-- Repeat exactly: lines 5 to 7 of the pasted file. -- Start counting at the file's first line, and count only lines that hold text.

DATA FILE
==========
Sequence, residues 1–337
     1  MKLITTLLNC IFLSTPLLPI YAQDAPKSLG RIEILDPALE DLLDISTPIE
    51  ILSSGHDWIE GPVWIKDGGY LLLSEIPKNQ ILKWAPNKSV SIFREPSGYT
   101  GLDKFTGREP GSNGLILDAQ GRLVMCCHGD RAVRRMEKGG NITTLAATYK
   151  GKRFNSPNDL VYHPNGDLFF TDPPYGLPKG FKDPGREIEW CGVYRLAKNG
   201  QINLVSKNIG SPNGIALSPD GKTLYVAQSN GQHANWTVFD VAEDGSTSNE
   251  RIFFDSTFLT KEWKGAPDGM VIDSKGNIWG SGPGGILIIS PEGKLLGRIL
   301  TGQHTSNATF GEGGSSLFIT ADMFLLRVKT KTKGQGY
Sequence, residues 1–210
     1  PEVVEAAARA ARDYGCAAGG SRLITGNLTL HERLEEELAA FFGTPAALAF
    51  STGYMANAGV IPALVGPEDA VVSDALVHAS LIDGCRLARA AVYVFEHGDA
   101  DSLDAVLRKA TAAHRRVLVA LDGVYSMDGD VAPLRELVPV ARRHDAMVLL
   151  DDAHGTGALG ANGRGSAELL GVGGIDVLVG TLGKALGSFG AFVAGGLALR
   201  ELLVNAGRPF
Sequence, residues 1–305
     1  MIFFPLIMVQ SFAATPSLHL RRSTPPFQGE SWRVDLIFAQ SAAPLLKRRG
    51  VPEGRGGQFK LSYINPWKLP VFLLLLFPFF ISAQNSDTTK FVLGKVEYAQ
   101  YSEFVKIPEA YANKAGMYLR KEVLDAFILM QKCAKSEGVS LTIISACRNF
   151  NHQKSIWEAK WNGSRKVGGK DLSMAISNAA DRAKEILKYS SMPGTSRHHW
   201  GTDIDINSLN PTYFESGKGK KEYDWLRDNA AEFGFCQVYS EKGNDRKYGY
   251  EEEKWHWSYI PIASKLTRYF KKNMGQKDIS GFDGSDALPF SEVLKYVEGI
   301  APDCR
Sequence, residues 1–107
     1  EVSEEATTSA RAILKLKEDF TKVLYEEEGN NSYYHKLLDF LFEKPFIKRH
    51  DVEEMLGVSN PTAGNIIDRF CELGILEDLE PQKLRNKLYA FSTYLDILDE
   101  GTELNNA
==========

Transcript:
   151  GKRFNSPNDL VYHPNGDLFF TDPPYGLPKG FKDPGREIEW CGVYRLAKNG
   201  QINLVSKNIG SPNGIALSPD GKTLYVAQSN GQHANWTVFD VAEDGSTSNE
   251  RIFFDSTFLT KEWKGAPDGM VIDSKGNIWG SGPGGILIIS PEGKLLGRIL